A Picture of A Different Life

Modern Western society is focused on the short term pursuit of sufficient income to have a “good” standard of living. The longest term anyone ever really thinks about is the life of their mortgage, if they happen to have one. Many people have a severely limited income, they only look as far as their next “pay” check.

We have lived through the time when we were told to “get on your bike” if you wanted to work and there was no work in your area. Families have become dispersed and fragmented. The idea of being rooted in a place is the preserve only of the extreme ends of the economic ladder. The richest, because they can afford to do what ever they please and live where ever they please; the poorest, because they cannot afford to give up the tiny toe hold they have.

Everyone else is almost constantly on the move. Many people commute for several hours a day to go to work. They don’t necessarily live where they want to, but they live where they believe they can afford to live. Many people have holiday homes, where they spend as much time as they can “afford” to, away from their daily grind. And both these groups squeeze those who were born in that area out.

The cost of living in different areas is seldom addressed when people look at moving house. The extra tax of living in a rural area comes in the form of fuel prices. There is seldom any useful form of public transport any more. And anyone not able to drive themselves, for whatever reason, is stuck paying premium prices for everyday goods.

Everything revolves around money. What very few people remember is that money is merely a token to make bartering easier. It has no intrinsic worth. Nowadays new money is created by a bank on a computer in the form of a new debt. And then people wonder why there is a debt crisis. What else could it be?

There are very few people who are happy with their lives the way they are. So then the question becomes “do we have to live this way?”. Well, I don’t think so. But we would have to redefine what is important on a pretty much world wide scale. It’s not so much about creating something new, more about reclaiming some old ways and giving them a new twist and a new shine.

It’s not about abandoning science, we need science. The scientific, analytical mind is a wonderful thing. But we need science that is not bound by where the next “pay” check is coming from. Science that can look at a longer time scale than week to week. We need to think both big (maybe very big) and small (so very small). We also need a science that cannot be bought by the big corporations to give the answers they want; a science that will insist on looking at potential long term effects before even considering the possibility of trying things out outside of the laboratory if there is the least likelihood of ill effects.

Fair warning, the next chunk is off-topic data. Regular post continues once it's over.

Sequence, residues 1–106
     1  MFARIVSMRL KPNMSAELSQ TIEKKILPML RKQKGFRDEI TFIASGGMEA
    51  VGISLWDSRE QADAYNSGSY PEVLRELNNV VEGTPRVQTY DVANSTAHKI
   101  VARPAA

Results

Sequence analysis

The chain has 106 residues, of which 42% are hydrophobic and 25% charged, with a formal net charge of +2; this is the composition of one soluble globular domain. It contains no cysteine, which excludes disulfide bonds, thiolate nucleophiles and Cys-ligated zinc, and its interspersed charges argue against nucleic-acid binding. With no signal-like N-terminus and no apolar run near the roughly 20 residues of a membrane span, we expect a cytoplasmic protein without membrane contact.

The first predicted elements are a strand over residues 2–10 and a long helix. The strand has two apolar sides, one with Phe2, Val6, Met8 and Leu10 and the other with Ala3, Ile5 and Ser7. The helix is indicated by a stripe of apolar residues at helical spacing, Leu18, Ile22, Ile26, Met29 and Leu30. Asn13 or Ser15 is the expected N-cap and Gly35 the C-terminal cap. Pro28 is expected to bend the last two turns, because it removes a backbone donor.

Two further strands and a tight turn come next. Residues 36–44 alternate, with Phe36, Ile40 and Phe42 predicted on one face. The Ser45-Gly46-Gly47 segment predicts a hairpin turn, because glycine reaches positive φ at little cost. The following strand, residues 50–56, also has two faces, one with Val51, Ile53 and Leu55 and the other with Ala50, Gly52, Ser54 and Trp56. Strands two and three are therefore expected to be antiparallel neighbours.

It’s about returning to real values, long term values: the value of land; clean air; and clean water. For too long we have been dictated to by the supermarket chains with their illusion of choice. For too long our governments have bamboozled us with assertions of choice where none is wanted, and pretence of concern where none is felt.

People are laughed at for caring or believing. But we all believe in something, even if it is only ourselves. We all care. We sometimes care about the wrong things, but that is better than not caring at all. Most people are thinking, caring beings, but they have been lied to; misled; and deliberately confused. They have been put under pressure and forced away from their support systems so that they have neither the energy nor inclination to question or fight against what is going on.

People are not healthy because this is such an unhealthy way of living. We need to re-embrace healthier ways, both physically and emotionally. We need lives that are full of good food (local food), good friends (local friends & distant friends), time to appreciate things, time to create things, time to grow things.

Ivan Illich talked about deskilling society, that is what has happened. People have been taken out of their environment and thrust into a place of employment, where their natural skills and knowledge are not valuable or valued, so they are vulnerable and more easily manipulated.

For those who remember “The Good Life” with it’s theme of rural living in suburbia, there is probably some part of you that still hankers for that crazy possibility. Rural living isn’t for everyone, but it would work for far more people than the few who realize it. Our roots are in the land. We belong to it. We need it. Without the good earth we all starve.

I’m not rejecting technology, I am rejecting our current culture of greed, I am rejecting money (especially in the form of debt) and I am wholeheartedly rejecting our current political system. There is a better way. It starts with each one of us valuing ourselves and each other. It continues with each one of us valuing the land and the bounty it can bring us.

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